The 1947 Mirpur Massacre was the killing of thousands of Hindu and Sikh refugees in Mirpur of today's Azad Kashmir, by armed Pakistani tribesmen and soldiers during the First Kashmir War. It occurred on and after November 25.[a][b]

BackgroundEdit

Soon after British India's independence, a rebellion occurred in Poonch and Mirpur districts, and the Pakistani Army conceived a military plan to invade Jammu and Kashmir. The military campaign was said to be code-named "Operation Gulmarg", which was said to be assisted and guided by British military officers.[1]

Before the Kashmir War in 1947, the Mirpur District had about 75,000 Hindu and Sikhs, amounting to 20 percent of the population. A great majority of them lived in the principal towns of Mirpur, Kotli and Bhimber. Refugees from Jhelum in Western Punjab had taken refuge in Mirpur town, causing the non-Muslim population to increase to 25,000.[2]

EventEdit

During the war, militants entered the city on the morning of November 25 and set several parts of the city on fire, causing chaos and turmoil across the city. Large-scale rioting took place. Of the minority population, only about 2,500 Hindus or Sikhs escaped to the Jammu and Kashmir along with the State troops. The remainder were marched to Alibeg, where a gurdwara was converted into a prison camp, but the raiders killed 10,000 of the captives along the way and abducted 5,000 women. Only about 5,000 made it to Alibeg, but they continued to be killed at a gradual pace by the captors. Hindu and Sikh women were raped and abducted. Many number of women committed mass suicide by consuming poison before falling into the hands of the militants, to avoid rape and abduction. Men also committed suicide. The estimates measure the death toll at over 20,000.[3][2][4][5][6][7][8][9][10]

“A 'greatly shocked’ Sardar Muhammad Ibrahim Khan”, the then president of Azad Kashmir, who visited the place during the event, “painfully confirmed that Hindus were 'disposed of' in Mirpur in November 1947, though he does not mention any figures.”[11][a][b]

AftermathEdit

In March 1948, the ICRC rescued 1,600 of the survivors from Alibeg, who were resettled to Jammu and other areas of India. By 1951, only 790 non-Muslims remained in areas that came to comprise Azad Kashmir; down from a previous population of 114,000 which used to live there. Many Hindus and Sikhs from Muzaffarabad and Mirpur not killed became displaced within Jammu and Kashmir. To their displeasure, the Jammu and Kashmir government has not given them the status and associated benefits of internally displaced people.[4]

The date of 25 November is remembered as the Mirpur Day in the Indian-administered Kashmir.[5]

NotesEdit

  1. ^ a b Ibrahim Khan, Muhammad (1990), The Kashmir Saga, Verinag, p. 55: During the month of November, 1947, I went to Mirpur to see things there for myself. I visited, during the night, one Hindu refugee camp at Ali Baig—about 15 miles from Mirpur proper. Among the refugees I found some of my fellow lawyers in a pathetic condition. I saw them myself, sympathised with them and solemnly promised that they would be rescued and sent to Pakistan, from where they would eventually be sent out to India.... After a couple of days, when I visited the camp again to do my bit for them, I was greatly shocked to learn that all those people whom I had seen on the last occasion had been disposed of. I can only say that nothing in my life pained my conscience so much as did this incident.... Those who were in charge of those camps were duly dealt with but that certainly is no compensation to those whose near and dear ones were killed.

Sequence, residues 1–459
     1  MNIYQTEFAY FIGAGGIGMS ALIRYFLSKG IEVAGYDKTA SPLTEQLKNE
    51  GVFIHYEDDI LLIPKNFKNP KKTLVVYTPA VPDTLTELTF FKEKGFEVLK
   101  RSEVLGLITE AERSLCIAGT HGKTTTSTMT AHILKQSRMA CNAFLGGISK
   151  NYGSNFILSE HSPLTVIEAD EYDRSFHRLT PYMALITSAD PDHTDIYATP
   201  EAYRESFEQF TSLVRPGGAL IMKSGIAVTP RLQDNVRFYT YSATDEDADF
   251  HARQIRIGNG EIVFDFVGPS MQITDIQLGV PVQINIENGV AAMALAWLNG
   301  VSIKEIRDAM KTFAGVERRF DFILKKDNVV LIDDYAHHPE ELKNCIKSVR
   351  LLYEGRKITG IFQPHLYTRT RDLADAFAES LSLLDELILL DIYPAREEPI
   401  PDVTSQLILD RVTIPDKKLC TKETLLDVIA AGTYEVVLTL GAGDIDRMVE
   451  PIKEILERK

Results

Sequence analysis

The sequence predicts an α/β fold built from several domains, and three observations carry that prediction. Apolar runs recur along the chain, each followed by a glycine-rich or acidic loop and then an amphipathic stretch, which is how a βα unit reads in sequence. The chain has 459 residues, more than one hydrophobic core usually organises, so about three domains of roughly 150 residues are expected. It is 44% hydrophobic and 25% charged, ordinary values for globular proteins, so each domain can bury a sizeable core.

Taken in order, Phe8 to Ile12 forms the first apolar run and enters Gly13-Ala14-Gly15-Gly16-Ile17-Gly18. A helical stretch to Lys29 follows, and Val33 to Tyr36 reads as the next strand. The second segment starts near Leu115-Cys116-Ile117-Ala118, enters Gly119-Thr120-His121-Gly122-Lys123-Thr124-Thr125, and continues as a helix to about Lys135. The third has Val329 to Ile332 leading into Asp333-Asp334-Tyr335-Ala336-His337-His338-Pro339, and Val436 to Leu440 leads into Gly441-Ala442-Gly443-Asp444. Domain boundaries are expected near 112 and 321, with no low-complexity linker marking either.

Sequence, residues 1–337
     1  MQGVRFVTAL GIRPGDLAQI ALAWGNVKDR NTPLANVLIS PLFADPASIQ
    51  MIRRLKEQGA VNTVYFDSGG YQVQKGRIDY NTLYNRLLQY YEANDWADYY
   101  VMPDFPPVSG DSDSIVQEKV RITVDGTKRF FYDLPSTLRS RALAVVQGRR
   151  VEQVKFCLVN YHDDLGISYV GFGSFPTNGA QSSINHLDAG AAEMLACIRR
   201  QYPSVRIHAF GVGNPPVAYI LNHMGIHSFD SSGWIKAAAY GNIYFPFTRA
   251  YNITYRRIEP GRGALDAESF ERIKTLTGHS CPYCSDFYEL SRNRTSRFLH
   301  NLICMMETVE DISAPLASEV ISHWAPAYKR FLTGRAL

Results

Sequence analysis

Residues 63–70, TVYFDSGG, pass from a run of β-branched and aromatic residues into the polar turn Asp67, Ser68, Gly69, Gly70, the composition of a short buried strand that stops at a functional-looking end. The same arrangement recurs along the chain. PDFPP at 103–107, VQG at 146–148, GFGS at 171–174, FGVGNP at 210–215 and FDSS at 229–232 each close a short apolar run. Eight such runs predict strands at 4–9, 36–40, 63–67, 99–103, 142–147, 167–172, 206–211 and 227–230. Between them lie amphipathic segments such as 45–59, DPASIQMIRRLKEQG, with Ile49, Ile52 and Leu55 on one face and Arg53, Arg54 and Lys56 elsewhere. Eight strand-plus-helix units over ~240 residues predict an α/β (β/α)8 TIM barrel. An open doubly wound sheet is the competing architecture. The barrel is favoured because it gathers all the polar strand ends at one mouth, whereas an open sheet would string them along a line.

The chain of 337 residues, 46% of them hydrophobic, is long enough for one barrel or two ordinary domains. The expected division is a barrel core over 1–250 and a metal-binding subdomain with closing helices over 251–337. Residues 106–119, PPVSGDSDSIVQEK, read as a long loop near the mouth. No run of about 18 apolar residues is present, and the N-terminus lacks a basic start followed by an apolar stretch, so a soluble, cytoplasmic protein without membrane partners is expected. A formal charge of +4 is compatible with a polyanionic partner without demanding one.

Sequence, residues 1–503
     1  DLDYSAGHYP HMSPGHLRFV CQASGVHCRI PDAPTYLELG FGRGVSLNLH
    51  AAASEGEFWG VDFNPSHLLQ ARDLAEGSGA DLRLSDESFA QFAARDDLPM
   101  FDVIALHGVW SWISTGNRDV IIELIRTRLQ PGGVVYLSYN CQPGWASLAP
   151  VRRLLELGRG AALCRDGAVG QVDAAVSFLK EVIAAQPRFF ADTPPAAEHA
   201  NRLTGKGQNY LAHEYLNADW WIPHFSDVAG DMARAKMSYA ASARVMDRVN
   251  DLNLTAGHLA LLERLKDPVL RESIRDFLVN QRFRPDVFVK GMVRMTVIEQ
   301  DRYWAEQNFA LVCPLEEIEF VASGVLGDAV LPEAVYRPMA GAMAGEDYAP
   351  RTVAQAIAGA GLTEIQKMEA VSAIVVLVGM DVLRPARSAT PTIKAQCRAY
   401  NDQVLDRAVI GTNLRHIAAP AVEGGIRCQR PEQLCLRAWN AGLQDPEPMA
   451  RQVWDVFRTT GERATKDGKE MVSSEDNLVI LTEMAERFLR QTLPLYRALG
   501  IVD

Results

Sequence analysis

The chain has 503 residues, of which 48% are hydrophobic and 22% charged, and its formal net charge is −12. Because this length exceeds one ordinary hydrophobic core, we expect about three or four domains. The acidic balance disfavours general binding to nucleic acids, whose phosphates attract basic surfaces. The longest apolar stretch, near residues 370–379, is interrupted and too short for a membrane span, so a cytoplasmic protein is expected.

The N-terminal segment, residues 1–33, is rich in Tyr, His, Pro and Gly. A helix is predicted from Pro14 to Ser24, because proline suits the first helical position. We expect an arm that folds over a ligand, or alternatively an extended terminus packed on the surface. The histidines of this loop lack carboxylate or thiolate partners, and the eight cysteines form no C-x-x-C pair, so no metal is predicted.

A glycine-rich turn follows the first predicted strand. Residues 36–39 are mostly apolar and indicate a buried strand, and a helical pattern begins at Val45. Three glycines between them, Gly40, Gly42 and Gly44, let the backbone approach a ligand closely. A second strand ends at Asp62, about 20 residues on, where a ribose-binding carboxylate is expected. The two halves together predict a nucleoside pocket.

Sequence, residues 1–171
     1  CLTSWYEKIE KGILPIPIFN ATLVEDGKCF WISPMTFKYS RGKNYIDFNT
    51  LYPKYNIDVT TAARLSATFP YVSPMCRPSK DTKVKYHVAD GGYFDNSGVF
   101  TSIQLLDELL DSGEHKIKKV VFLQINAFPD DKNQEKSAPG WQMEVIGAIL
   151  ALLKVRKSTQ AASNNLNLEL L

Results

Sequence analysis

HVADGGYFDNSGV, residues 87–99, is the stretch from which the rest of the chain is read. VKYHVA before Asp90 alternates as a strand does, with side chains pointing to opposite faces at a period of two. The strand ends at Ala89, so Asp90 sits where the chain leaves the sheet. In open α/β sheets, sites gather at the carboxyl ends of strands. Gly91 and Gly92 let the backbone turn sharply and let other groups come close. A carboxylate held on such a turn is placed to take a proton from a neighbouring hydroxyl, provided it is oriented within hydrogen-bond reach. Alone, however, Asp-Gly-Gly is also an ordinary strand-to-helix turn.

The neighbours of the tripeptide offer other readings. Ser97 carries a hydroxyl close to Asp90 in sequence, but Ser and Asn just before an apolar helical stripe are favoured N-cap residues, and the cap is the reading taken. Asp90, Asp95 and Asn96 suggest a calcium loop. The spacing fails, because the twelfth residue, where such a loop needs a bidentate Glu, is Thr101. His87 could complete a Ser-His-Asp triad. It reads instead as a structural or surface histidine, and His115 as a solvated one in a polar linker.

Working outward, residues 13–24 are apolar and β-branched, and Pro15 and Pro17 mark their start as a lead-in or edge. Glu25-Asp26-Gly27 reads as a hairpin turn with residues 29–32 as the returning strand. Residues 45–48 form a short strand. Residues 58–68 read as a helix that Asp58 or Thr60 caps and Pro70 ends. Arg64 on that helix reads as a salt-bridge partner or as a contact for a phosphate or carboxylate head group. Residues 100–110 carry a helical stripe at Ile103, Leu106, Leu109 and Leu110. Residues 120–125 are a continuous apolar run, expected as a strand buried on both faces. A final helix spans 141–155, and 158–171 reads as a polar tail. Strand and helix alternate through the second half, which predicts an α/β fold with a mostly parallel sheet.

2. ^ a b According to a survivor, the prison guard at Ali Baig, who killed his victims with a butcher's knife chanting kalima, identified himself to Sardar Ibrahim as a soldier of Pakistan and a follower of Mohammad Ali Jinnah and said that he was following the orders of his superiors.[12]

See alsoEdit

ReferencesEdit

  1. ^ Snedden, Christopher (2015-09-15). Understanding Kashmir and Kashmiris. Oxford University Press. pp. 172-. ISBN 9781849046213.
  2. ^ a b Snedden, Christopher (2013) [first published as The Untold Story of the People of Azad Kashmir, 2012], Kashmir: The Unwritten History. HarperCollins India. pp. 28, 56. ISBN 9350298988.
  3. ^ Gupta, Jyoti Bhusan Das (2012-12-06). Jammu and Kashmir. Springer. p. 97. ISBN 9789401192316.
  4. ^ a b Snedden, Christopher (2015-09-15). Understanding Kashmir and Kashmiris. Oxford University Press. p. 167. ISBN 9781849046213.
  5. ^ a b Puri, Luv (2012-02-21). Across the Line of Control: Inside Azad Kashmir. Columbia University Press. pp. 28–30. ISBN 9780231800846.
  6. ^ Madhok, Balraj (1972-01-01). A Story of Bungling in Kashmir. Young Asia Publications. p. 67.
  7. ^ Sharma 2013, p. 139.
  8. ^ Hasan, Mirpur 1947 (2013)
  9. ^ Prakriiti Gupta (2011-09-08). "Horrific Tales: Over 3,00,000 Hindus, Sikhs from PoK still fighting for their acceptance". Uday India. Archived from the original on September 8, 2011. Retrieved 2017-05-17.CS1 maint: BOT: original-url status unknown (link)
  10. ^ Ram Chander Sharma (April 2011). "Kashmir History and Politics". www.koausa.org. Extracted from a survivor Bal K. Gupta's accounts. Retrieved 2017-05-17.
  11. ^ Snedden, Christopher (2013) [first published as The Untold Story of the People of Azad Kashmir, 2012], Kashmir: The Unwritten History. HarperCollins India. p. 56. ISBN 9350298988.
  12. ^ Bhagotra 2013, p. 124.

BibliographyEdit